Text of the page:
Top Chef Canada is populated with Canadian contestants, of course, which is to say that by and large they’re a group of friendly, polite and humble folks. But there was one bitch among them, a young sous-chef named Elizabeth Rivasplata who was pushy, arrogant and very unlikeable. (Attention, Art Gallery of Ontario; I’m never eating in your restaurant while she’s working there.) Of course I didn’t taste her food, but her interaction with her fellow competitors was enough to make me think that she deserved to leave, because you can’t be a top chef if you can’t get the respect of your fellow kitchen workers. Yes, competitors are in the game to win, but you also have to share the kitchen with others; if you hog the ovens, it’s like pushing your way to the front of a line — very un-Canadian.

And of course after her first out-and-out quarrel with a fellow competitor, I thought regretfully that she had now cemented her place in the final five, regardless of the quality of her work, because she would draw ratings. It seemed as though she would have won a vote for “least favourite” among her fellow competitors; probably why, when the episode of “Restaurant Wars” came along, she was named a team leader (in the hope that she would shoot herself in the foot).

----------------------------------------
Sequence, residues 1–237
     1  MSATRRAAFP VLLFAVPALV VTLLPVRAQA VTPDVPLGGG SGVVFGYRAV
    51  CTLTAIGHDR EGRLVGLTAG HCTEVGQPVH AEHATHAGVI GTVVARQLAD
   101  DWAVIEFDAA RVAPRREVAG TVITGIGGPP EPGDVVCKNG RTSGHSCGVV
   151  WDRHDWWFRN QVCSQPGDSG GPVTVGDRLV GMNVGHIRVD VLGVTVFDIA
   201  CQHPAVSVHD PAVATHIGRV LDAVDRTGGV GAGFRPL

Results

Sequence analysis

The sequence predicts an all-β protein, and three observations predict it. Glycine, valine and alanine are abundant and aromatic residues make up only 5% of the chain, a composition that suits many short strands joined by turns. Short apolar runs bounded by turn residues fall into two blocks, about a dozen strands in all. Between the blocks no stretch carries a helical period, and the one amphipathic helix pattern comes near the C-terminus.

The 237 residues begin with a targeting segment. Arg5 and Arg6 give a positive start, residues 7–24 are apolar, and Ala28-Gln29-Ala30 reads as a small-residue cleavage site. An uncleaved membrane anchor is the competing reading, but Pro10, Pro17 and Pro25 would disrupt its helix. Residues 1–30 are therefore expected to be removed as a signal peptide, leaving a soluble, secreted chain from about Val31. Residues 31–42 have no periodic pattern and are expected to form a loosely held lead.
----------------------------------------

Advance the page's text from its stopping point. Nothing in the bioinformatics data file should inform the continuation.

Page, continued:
Indeed, she fired a number of shots in her own direction and struck home every time. She failed to keep to the “Canadiana” theme of her menu and chose to show off by preparing octopus. She quarrelled and whined. She couldn’t keep the orders straight and failed to pass along crucial information about who had ordered what and how many at which table. Finally, one of my favourite competitors simply took over and ran the kitchen.

Her team lost. And in the post-mortem, she claimed to the judges things weren’t arranged the way they had been.  (A tip, honey — if you’re going to do that, be sure you’re not on camera at the moment you take responsibility for something.) It looked very much as if she was going to get away with it.

God bless the judges, they sent her home.

And of course, on the way out, she demonstrated that she just didn’t get it. “It’s all their fault, I was right, they were out to get me, they’re mean, nobody loves me, it’s not fair,” yada yada yada. In fact, she presented a portrait of someone who had completely failed to understand why she had lost the competition. They liked your octopus, Elizabeth — it’s your ability to run a kitchen that was in question, and you just didn’t measure up. Plus, you’re a big ol’ bitch.